A South Surrey woman said B.C. Cancer denied her essential support services after she elected to pay privately for chemotherapy in Bellingham.
As a result, Sheila Vicic has been left to be the “quarterback of my own care.”
Vicic, who has Stage 3 colon cancer, expects to pay at least US$10,000 for chemotherapy at the North Cascade Cancer Center in Bellingham, Wash. The 60-year-old cashed in some of her retirement savings to fund the treatment because she had lost faith in the B.C. system to treat her cancer quickly enough.
“I was literally picturing the cancer running rampant in my body,” said Vicic, thinking back to late September when she was told it would likely be November before she could begin chemotherapy in B.C. Vicic said when an oncologist from North Cascade contacted her within two days of her initial query, she knew she had made the right decision.
“What are my RRSPs worth if I don’t live through this?”
However, Vicic was stunned to find out she was “dumped” by B.C. Cancer because of her decision to seek care in the U.S. She was told she wouldn’t be eligible for other health services like access to a dietitian that she said is essential for those with gastrointestinal cancer.
She had asked her oncologist if she could continue her infusion chemotherapy in Bellingham but take her oral chemotherapy in Canada. The oral chemotherapy costs US$3,600 per cycle in the States.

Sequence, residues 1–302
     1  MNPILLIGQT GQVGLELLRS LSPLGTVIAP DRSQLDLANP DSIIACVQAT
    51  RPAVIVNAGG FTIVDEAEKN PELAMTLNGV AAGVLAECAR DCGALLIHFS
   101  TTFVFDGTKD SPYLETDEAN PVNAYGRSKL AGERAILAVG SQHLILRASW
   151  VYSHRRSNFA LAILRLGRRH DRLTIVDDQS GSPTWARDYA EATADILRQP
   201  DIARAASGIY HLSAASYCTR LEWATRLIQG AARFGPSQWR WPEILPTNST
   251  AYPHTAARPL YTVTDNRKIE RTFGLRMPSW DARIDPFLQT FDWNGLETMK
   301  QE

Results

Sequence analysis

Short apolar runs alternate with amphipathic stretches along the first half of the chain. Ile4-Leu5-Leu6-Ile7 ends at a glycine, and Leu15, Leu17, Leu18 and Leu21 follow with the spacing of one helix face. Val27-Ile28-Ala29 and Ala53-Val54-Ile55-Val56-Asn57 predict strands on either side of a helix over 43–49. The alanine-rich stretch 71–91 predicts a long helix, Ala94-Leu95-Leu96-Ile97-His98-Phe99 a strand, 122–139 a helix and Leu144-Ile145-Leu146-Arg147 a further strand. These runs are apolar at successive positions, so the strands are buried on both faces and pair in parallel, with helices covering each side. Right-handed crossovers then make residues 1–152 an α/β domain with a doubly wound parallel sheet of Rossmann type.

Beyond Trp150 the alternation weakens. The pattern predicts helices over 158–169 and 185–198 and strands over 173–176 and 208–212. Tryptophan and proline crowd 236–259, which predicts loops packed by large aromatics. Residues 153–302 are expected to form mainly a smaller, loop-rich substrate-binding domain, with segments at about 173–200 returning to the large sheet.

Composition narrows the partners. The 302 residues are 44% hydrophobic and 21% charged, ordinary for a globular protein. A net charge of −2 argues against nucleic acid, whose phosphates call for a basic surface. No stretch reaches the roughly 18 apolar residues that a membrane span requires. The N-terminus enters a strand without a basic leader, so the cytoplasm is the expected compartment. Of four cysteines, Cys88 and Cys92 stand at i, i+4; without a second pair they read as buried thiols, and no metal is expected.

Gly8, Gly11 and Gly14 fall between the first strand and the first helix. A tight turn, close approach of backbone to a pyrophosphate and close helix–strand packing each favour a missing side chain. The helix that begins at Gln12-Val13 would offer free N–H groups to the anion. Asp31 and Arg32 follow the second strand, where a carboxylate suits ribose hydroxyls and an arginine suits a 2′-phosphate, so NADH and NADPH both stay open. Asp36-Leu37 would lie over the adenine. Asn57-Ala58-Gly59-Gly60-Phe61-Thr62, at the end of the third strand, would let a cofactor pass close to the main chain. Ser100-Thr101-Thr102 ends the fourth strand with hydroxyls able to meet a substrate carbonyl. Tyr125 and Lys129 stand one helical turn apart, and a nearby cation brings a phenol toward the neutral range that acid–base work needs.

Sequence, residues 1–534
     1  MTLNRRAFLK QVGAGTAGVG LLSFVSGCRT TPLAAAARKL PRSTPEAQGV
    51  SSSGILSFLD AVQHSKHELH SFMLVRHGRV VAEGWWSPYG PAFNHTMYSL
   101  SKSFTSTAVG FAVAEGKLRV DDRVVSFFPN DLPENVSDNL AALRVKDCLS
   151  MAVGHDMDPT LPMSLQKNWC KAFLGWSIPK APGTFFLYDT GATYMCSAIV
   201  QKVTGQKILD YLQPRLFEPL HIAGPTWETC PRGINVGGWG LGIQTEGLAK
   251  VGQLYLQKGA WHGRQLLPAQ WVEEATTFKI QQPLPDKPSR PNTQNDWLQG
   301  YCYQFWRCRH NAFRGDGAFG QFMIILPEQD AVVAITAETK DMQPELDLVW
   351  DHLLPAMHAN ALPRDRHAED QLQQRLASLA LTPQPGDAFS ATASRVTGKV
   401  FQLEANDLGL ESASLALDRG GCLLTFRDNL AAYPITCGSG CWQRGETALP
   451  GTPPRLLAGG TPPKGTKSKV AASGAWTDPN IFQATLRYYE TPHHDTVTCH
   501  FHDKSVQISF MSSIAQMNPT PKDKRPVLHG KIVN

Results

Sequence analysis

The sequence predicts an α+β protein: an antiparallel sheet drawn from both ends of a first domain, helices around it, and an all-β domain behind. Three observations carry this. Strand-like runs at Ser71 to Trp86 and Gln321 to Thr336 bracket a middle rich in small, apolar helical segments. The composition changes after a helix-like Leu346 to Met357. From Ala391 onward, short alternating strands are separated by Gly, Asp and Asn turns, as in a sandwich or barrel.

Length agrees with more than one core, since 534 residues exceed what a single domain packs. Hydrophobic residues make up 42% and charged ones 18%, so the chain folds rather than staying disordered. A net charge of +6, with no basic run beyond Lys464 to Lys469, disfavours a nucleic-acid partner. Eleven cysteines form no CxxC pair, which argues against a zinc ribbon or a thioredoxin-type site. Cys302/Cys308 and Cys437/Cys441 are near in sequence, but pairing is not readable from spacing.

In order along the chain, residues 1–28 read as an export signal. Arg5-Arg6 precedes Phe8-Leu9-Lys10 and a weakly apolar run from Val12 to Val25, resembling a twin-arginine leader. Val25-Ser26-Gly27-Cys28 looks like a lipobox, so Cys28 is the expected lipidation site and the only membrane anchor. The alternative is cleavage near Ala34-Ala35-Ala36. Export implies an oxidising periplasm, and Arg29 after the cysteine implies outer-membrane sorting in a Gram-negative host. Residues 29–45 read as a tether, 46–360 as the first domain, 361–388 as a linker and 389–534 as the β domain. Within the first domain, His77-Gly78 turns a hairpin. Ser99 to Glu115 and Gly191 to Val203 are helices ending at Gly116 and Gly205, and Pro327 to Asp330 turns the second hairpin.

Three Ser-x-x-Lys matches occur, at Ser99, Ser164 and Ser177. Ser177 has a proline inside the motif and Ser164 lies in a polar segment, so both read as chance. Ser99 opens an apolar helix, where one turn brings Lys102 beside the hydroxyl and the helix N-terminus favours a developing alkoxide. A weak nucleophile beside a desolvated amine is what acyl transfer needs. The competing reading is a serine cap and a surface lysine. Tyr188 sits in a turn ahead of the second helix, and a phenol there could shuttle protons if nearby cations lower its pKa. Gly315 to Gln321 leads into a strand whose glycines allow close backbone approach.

When the oncologist said no, Vicic asked why.
“She felt there were ‘too many cooks in the kitchen.’ And I said, ‘I’m not a casserole. This is my life we’re talking about.’ ”
Vicic found out last week from her dietitian that she was discharged from the B.C. Cancer system, disconnecting her from the ancillary support services.
“The dietitian told me she could not provide care for me because I was discharged,” she said. “I was so gobsmacked by how the system was failing me. I think our socially funded system should be doing the wraparound care.”
Vicic has filed a complaint with B.C. Cancer about her discharge and the impact it’s had on her continuing care.
B.C. Cancer didn’t return a request for comment by deadline about their policy on discharging patients who receive cancer treatment privately and whether that prevents them from accessing non-chemo-related health services.
Vicic, who is on leave from her job working for an NGO that does international disaster relief, said she feels like she’s running logistics on her own cancer care.
“Right now I’m the disaster. We’ve got a problem. How are we going to mitigate the damage?”
Vicic’s cancer was discovered Aug. 21 after a routine colonoscopy. She asked if she would be referred to an oncologist but was told that couldn’t happen until after the surgery and followup pathology report to determine how much of the cancer had been removed.
She had colon resection surgery on Sept. 18 to remove part of her colon.
A Sept. 28 pathology report showed Stage 3 colon cancer.
“I felt right from the get-go the system put me five weeks behind in the waiting list.”
Vicic referred herself to North Cascade on Oct. 4 and by Oct. 6 was meeting with an oncologist.
She started her first of four rounds of chemo on Oct. 17. Her last round will be Dec. 19, followed by 14 days of oral chemo. Vicic said if she had stayed in the B.C. Cancer system, she would have been waiting until November or possibly later.
Vicic expected her chemo to last six months but, instead, she chose a more aggressive form of chemo that spanned three months.